The mental first sorts things out in this vast terrain by debating polarities. Is it the same or different, good or bad, right or wrong, real or illusory? Plato and Aristotle continued the dialogue of the dual nature of time, as a subset of the dual nature of reality. Plato believed that the material realm stems from the transcendent realm, and thus time from timelessness. All humans have access to this transcendent, timeless realm and one can bring that knowledge to consciousness through skillful questioning, hence the Socratic method.[8] In contrast, Aristotle proposed that the material realm created the transcendent realm, in the sense that that our experience of time led us to the idea of timelessness.[9]

Like the infinite regress of, “Which came first, the chicken or the egg?” the debate between the primacy of time or timelessness is a kōan awaiting a Zen student’s irruption into a new level of insight. Through debating the polarities the mental structure of consciousness opens up new dimensions of thought beyond black and white.

One of the profound arenas to note the shift from the mythical to the mental is in art. The mythical primarily represents the world as two-dimensional and flat, think Egyptian hieroglyphics, medieval tapestries, and childhood artwork. The Renaissance opened a third spatial dimension in the imagination with the discovery of how to represent perspective in art with the use of vanishing points. This sense of perspective opened a new sense of the vast, grid-like expanse of space, within which the uniqueness of the individual solidifies as separate and isolated. If the mythical focuses on developing the inner life of meaning, the mental focuses on one’s relationship to the external world, to knowing things as objects through their externality, seeking objective truth.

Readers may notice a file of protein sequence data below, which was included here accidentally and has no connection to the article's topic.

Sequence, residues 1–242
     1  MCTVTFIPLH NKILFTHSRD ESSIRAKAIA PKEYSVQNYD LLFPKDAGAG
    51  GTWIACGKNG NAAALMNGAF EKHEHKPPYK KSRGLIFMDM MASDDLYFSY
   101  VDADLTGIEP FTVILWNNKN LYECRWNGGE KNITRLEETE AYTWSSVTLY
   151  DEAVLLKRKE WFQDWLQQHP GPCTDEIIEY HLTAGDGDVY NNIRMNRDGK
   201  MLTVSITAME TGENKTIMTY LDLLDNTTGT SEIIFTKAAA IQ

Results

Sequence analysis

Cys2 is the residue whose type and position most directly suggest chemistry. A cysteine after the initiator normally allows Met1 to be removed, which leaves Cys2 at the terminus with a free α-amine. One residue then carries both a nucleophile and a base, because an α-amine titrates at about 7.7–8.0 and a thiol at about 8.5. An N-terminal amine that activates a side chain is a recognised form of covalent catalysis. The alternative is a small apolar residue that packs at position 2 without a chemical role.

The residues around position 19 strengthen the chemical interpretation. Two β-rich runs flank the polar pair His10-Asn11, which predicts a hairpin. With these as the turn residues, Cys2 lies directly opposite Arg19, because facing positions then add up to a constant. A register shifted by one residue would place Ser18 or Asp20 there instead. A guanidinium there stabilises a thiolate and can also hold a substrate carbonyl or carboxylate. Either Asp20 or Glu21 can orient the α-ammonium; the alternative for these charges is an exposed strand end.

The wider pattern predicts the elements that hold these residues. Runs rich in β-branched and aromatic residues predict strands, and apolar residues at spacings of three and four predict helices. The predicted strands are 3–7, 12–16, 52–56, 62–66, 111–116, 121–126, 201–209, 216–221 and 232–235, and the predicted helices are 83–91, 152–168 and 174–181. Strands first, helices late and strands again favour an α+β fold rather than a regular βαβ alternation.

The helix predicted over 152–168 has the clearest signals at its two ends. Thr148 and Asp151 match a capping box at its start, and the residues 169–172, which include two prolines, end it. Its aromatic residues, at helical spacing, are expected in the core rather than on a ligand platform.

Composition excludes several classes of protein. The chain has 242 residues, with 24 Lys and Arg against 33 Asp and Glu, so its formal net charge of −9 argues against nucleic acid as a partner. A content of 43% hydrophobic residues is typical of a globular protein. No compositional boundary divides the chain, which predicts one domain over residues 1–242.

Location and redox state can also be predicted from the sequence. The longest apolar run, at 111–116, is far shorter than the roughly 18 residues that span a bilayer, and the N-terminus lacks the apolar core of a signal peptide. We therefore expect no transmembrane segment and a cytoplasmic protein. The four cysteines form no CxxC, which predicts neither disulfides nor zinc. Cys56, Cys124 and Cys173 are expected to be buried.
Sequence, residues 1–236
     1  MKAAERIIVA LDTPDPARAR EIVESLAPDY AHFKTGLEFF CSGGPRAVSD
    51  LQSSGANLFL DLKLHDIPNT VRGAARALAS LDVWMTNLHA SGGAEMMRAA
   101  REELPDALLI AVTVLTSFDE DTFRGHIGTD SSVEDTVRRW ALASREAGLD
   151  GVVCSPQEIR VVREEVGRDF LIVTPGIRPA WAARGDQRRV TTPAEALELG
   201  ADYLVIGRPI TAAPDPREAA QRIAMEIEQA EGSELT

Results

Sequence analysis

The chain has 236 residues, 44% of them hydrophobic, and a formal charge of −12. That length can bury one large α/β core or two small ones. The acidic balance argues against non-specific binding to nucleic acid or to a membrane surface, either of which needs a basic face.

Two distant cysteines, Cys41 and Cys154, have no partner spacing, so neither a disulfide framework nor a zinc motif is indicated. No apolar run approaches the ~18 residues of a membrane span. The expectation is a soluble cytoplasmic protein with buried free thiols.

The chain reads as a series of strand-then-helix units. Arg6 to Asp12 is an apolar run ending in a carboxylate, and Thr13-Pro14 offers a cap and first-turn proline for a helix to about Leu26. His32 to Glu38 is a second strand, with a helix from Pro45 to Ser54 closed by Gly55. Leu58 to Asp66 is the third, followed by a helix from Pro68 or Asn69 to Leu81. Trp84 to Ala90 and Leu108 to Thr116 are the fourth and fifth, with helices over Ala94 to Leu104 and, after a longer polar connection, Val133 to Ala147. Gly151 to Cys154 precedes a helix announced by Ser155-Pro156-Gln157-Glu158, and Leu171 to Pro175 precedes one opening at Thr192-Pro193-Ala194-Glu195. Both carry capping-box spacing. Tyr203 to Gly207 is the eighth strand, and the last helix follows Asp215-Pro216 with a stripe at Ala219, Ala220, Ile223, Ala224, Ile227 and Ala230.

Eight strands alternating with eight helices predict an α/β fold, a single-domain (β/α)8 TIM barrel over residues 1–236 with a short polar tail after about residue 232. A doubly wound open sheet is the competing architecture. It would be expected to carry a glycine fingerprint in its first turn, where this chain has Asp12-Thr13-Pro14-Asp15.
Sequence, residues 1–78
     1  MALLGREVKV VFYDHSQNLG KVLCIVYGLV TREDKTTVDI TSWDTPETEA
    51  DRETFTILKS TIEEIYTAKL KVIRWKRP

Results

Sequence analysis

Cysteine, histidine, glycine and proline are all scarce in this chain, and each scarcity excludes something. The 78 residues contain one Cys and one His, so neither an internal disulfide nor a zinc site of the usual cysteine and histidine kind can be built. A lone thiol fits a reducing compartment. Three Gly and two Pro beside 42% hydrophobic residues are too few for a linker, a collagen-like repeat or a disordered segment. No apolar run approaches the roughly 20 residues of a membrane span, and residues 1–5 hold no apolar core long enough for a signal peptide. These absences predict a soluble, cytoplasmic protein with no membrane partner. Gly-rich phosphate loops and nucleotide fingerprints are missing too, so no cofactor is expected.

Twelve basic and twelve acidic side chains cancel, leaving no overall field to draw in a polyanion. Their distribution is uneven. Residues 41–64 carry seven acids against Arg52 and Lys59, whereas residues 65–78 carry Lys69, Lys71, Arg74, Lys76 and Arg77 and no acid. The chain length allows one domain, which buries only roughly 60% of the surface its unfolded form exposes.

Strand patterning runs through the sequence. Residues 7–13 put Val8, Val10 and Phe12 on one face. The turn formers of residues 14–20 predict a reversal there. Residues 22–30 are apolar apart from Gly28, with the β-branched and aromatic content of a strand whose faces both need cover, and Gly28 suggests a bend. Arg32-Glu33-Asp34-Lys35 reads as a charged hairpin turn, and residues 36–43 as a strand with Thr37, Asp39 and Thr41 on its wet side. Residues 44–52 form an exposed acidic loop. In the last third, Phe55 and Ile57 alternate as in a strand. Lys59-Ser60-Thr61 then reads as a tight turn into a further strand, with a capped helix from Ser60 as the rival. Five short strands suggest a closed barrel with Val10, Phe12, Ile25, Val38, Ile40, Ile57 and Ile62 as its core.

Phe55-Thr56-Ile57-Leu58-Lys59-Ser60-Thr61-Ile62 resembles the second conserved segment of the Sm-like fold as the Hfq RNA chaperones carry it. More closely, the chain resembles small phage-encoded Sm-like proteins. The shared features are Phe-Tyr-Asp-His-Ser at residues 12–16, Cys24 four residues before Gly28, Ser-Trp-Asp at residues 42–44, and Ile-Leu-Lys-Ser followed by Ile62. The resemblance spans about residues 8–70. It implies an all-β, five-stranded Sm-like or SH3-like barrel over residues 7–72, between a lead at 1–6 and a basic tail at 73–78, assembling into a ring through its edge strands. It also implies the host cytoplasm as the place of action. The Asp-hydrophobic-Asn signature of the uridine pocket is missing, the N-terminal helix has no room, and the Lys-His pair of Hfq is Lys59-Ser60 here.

On the heels of the Renaissance, Isaac Newton, “not the first of the age of reason,” but, “the last of the magicians,”[10] discovered precise mathematical laws that linked the gravity that made apples fall to the gravity that holds the Earth in orbit. Based on the power and accuracy of these laws, Newton argues for absolute time, existing as a substance independent of our observation.[11]

Like Parmenides, 18th century Scottish philosopher David Hume used the divisiveness of logic to advocate for the separateness, not only of the observer and the observed, but of every moment from every other moment. In contrast to Newton’s notion of absolute time, Hume claimed the causality that seemed to link these separate moments was merely illusory.[12]

Newton ushered in the Scientific Revolution, the Enlightenment, and Industrialization. The Western world has been under the spell of materialism, mechanization, and logic ever since. The mental structure of consciousness’ linear perspective of time seeks deterministic cause and effect relations to leverage toward prediction and control. Calm, cool-headed, scientific methodologies casually brush aside cloaked and wizened mystery. Science became the new religion, progress the new God. Contemporary technology worship and ritual consumerism are mere extensions of this initial historical thrust.

Culture remains largely dominated by the mental structure of consciousness. Here is the height of objectivity, domestication, progress, civility, reason, and order. Most participants in the modern world’s dominant paradigm may find this structure the most familiar.

Outgrowing the Mental

Humanity is now approaching an edge, however. The mental structure is revealing both its efficiency and its deficiency, to use Gebser’s terms. The mental structure of consciousness can feel like a respite from the storm, a safe, secure haven of scheduled regularity and predictability from the threatening unpredictability of the wild. But after one has been here for a while its structure of cubicles, commuting, and consuming can begin to feel stifling, imprisoning, boring or deadening, signifying the outgrowing of this structure.